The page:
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Brazil’s Currency Crisis. By Team IV ( Chris Trick, Austin Weaver, Tim Moore, Pat Heffernan, Chris Barnes. Why Brazil Matters. Biggest economy in Latin America One of the last big countries to attempt free trade and privatization; if this fails international investors discouraged.

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Brazil s currency crisis

Brazil’s Currency Crisis

By Team IV ( Chris Trick, Austin Weaver, Tim Moore, Pat Heffernan, Chris Barnes

Why brazil matters
Why Brazil Matters

  • Biggest economy in Latin America

  • One of the last big countries to attempt free trade and privatization; if this fails international investors discouraged.

  • Unified global economy is threatened if Brazilian currency fails.


  • Brazil had been through 6 currencies since the 1960’s

  • In 1994 the Real Plan was adopted

  • Before it were a series of failed plans (the Cruzado Plan of 1986, Bresser plan of 1987, and more)

  • It worked well to tame inflation and maintain exchange rate stability for 5 years


  • The Real was initially indexed one-for-one with the dollar

  • It was quickly allowed to float though

  • A policy of high interest rates to discourage speculation and over-borrowing quickly attracted a surge of capital inflows

  • By the mid 1995 the Real Plan evolved into a crawling peg


  • Said to be the worst currency crisis in the western hemisphere to date

  • The Real Plan was one of the longest running exchange rate stabilization programs

Facts of life before crisis
Facts of Life Before Crisis

  • 43% of Brazilians – over sixty million people - lack the essentials of a decent life

  • One in three children drop out of school without completing primary

  • Drug gangs rule the favelas and the middle class lives behind bolted doors

  • Half a million North-eastern farmers watch crops wither in yet one more drought

  • The urban environment, home to four out of five Brazilians, is deteriorating fast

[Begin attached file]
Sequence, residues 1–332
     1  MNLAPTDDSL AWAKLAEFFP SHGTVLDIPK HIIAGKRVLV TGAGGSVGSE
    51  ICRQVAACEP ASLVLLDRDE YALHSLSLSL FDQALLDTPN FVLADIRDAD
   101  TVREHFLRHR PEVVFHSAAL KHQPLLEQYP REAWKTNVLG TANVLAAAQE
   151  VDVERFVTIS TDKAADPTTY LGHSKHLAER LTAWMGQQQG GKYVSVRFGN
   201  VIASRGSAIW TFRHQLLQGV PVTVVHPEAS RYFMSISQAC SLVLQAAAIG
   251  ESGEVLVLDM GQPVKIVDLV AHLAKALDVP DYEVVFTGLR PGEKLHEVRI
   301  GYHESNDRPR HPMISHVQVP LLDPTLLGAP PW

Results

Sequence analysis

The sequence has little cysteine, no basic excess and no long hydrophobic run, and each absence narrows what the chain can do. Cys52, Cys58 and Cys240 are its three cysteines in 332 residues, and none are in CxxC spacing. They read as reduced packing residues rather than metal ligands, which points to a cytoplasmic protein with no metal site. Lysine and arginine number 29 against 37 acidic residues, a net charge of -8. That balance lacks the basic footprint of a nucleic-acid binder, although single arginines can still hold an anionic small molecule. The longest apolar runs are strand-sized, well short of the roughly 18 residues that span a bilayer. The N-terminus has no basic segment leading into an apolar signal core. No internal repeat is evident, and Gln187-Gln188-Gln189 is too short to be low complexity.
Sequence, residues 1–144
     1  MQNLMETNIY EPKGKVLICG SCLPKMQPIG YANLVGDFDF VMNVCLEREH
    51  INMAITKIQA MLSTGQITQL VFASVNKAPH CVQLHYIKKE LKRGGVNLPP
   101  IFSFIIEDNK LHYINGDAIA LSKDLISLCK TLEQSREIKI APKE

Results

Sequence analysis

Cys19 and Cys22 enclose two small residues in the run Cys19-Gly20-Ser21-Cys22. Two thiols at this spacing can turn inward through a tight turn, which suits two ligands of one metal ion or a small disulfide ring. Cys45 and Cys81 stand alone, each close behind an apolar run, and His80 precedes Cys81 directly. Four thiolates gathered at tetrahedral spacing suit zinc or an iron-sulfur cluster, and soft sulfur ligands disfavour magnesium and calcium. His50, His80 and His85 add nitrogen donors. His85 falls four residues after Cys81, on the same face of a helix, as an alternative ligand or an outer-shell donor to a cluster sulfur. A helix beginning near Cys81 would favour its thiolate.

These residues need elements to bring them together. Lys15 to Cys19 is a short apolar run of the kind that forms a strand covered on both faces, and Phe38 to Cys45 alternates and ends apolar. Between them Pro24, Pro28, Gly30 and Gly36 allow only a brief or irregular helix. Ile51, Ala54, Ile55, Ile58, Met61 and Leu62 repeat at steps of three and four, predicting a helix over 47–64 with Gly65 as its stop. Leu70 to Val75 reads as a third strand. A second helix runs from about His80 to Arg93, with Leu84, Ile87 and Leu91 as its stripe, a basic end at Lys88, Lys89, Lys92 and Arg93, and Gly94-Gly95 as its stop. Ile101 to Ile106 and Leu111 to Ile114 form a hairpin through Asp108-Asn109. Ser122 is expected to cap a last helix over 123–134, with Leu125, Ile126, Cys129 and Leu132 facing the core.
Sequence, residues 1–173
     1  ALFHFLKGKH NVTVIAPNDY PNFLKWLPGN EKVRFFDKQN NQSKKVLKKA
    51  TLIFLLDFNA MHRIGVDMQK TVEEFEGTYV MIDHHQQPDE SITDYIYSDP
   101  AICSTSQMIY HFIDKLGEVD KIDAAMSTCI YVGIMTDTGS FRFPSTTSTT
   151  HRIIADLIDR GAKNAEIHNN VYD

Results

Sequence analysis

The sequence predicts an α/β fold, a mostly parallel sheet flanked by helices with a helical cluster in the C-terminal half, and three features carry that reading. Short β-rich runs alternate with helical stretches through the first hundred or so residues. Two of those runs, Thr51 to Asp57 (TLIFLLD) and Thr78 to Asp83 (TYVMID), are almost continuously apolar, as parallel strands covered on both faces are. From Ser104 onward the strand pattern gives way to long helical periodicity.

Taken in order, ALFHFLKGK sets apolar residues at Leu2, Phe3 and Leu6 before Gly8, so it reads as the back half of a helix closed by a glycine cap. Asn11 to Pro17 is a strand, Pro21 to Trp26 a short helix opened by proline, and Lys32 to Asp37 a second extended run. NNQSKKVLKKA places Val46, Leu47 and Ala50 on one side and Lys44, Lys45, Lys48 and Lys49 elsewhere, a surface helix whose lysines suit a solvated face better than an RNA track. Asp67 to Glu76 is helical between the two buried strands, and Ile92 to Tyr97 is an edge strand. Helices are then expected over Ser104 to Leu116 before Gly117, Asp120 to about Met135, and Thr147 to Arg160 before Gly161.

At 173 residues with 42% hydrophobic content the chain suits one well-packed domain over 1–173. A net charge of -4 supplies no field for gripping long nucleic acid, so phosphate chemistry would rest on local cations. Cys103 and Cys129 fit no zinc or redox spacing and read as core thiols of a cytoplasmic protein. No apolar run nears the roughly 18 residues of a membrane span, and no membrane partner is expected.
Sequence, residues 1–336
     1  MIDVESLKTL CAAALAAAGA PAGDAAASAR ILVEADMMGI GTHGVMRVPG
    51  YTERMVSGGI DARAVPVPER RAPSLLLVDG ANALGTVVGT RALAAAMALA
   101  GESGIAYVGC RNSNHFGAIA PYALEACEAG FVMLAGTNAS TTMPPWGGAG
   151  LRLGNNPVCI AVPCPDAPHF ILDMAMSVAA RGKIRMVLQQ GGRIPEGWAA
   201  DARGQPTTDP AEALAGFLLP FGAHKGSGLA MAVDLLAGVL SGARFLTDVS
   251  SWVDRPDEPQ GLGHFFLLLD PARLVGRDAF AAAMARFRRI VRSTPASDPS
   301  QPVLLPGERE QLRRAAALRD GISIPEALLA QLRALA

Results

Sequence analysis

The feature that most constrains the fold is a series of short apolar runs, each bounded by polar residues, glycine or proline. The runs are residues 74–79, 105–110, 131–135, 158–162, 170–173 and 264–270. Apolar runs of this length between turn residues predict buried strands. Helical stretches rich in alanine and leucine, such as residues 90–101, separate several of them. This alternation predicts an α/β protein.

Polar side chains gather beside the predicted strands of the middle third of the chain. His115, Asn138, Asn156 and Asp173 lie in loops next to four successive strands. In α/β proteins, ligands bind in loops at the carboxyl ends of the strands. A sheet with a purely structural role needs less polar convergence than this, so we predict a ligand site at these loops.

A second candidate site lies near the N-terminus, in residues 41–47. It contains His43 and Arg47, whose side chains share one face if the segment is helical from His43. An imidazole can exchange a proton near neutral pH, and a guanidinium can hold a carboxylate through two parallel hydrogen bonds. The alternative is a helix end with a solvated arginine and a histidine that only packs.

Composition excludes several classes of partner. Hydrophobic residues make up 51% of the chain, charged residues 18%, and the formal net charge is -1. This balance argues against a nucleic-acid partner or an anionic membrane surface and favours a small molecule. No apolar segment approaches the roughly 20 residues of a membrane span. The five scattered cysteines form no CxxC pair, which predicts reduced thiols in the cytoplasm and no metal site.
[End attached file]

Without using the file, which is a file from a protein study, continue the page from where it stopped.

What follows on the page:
• Blacks, over-represented amongst the poor, suffer social discrimination

  • Indians face severe threats to their economic and cultural survival

  • The income gap between men and women is the worst in Latin America

Why peg to dollar
Why Peg to Dollar?

  • Needed to convince domestic and international investors that chronic inflation would be stopped.

  • Before Real Plan, inflation was 3000%.

  • Fixing the exchange rate was easier then reducing government commitments.

The fall
The Fall

  • It was in a financially fragile state

  • It required large capital inflows to build up the central bank to defend currency

  • This built investor confidence and led to exchange rate appreciation

  • This fueled import-driven consumption and stifles export growth

  • In order to attract the inflows the real interest rate had to rise

The fall1
The Fall

  • The high interest rates lead to a rising debt burden and a deteriorating fiscal balance

  • A rising budget deficit and deteriorating trade balance inevitably lead to devaluation

  • It just could not finance its current account deficit due to insufficient long-term instruments

The fall2
The Fall

  • Investors came to believe the capital inflows were insufficient to finance its current account deficit

  • Productivity did grow from the imported capital goods

  • The industrial restructuring it caused was not enough to fight off the deteriorating trade balance as unemployment rose

The fall3
The Fall

  • Speculative pressure built up and it became harder and harder for the central bank to maintain the rate

  • Eventually the peg had to break; calling for a floating rate.

Other reasons
Other Reasons

  • The political power of the elite prevented tax hikes and to encourage exports it could not impose higher taxes on manufacturers

  • The public sector had won generous pensions and benefits that the government could not afford any longer

  • Dismantling these programs would have led to further social instability

Other reasons1
Other Reasons

  • Given the political paralysis it is difficult to see how the prolonged overvaluation of the currency could have been avoided

How much was lost
How Much Was Lost

  • During the first 6 months of speculative attack currency loss totaled $35 billion!!!

  • After the first 3 months of 1999, US reserves went from $70 billion to about $32.9 billion.

Foreign influences
Foreign Influences

  • The other currency crisis in Asia, Russia, and Mexico made the peg increasingly fragile

  • Short-term capital flew faster into Brazil and the government had to sell off 10 billion dollars in reserves and hike interest rates from 21 to 44 percent

  • This worked for a short time until the crisis hit January of 1999 unexpectedly

Crisis recovery
Crisis Recovery

  • Managed a quick recovery compared to other major currency crisis to date.

  • Due to banking system being ready to handle both severe economic shocks and policies.

  • Commercial banks able to take extreme measures to calm and stabilize markets.

Brazil s currency crisis

A guy who came to International Finance for the first time, his @$$ was a wad of cookie dough. After a few weeks, he was carved out of wood. -Johnny Stiver